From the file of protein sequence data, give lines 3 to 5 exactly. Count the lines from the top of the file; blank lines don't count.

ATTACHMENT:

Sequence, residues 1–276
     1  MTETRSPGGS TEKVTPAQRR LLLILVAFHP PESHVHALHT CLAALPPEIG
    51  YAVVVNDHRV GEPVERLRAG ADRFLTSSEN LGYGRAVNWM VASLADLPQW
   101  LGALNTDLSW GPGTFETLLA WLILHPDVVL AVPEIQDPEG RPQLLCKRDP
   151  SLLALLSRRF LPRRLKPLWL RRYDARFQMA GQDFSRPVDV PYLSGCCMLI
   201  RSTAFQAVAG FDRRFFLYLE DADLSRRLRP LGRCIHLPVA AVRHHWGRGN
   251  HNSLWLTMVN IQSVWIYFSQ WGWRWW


    51  YAVVVNDHRV GEPVERLRAG ADRFLTSSEN LGYGRAVNWM VASLADLPQW
   101  LGALNTDLSW GPGTFETLLA WLILHPDVVL AVPEIQDPEG RPQLLCKRDP
   151  SLLALLSRRF LPRRLKPLWL RRYDARFQMA GQDFSRPVDV PYLSGCCMLI